Those who support a new emergency services building say now is the time to build, since the interest rates to borrow money are at a low that hasn't been seen in decades. They say the police and fire departments have waited too long and can't handle another setback.
It's far from scientific, but a survey performed by the committee found some support for the project. The survey boxes were stationed at a few spots around the village, and 95 people voted in it, including five fire department members and 90 people who said they aren't involved with the department.
Of those people, 74 said they support the idea of replacing the current fire station while 21 said no. Seventy-five people supported including the police department in the project, and 15 said no. There was less agreement on the site: 59 people said the Santa Clara site is the best for the building, and 24 said it isn't.
Sixty-five of the people who voted in the survey said they are village residents, and 27 said they are town residents outside the village.
The Enterprise also conducted a non-scientific Web poll on the topic this week that showed less support. As of Thursday morning, 41 percent of people voting said Tupper Lake should borrow $3.2 million to build the $4.5 million building, while 53 percent said no and 6 percent remained undecided. This poll was offered to all Enterprise readers, no matter where they live.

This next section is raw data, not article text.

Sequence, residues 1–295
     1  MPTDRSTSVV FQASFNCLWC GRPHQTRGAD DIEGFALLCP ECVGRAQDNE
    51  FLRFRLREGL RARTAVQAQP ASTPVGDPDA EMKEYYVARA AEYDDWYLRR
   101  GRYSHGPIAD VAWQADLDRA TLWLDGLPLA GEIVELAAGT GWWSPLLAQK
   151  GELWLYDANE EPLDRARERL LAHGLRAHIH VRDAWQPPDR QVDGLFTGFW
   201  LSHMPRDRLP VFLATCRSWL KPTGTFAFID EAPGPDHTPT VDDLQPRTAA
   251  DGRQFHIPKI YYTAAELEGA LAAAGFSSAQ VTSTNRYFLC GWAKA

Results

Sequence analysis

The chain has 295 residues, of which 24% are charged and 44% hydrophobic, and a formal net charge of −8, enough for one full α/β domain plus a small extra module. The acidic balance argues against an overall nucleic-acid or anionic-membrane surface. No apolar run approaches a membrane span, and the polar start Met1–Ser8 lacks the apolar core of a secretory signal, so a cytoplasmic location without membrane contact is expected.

The amount of support the project receives is important. The project is now currently slated to receive $1.3 million in grant funding, and Foran has said it could get more if there is overwhelming support. Politicians drive the grant money, and politicians like to support popular projects, Foran explains.
There has been some discussion over whether the police department should be included in the project. The grant money, however, would come from the fact that the police department is included in the mixed-use facility. That part of the project cost's $1.3 million, so the village would essentially get a free police station to add to its fire hall.
If the project is approved, Foran's plan is to have it ready to accept bids by July 1 and have contracts awarded by the end of July. He wants to see construction start by Aug. 1, which he says will be enough time to have an enclosed structure by the winter. He projects that the building will be finished by June 2014.
There are no final plans yet for the spaces the fire and police departments are currently in. Casagrain said she hopes to be able to move the village's heavy archives, which are now on the third floor of the building, to the basement if the police department moves out. That would take the weight off the top of the structure - which was built around 1895, according to local historian Jon Kopp - and could free up some office space upstairs that could be rented out in the future, she said.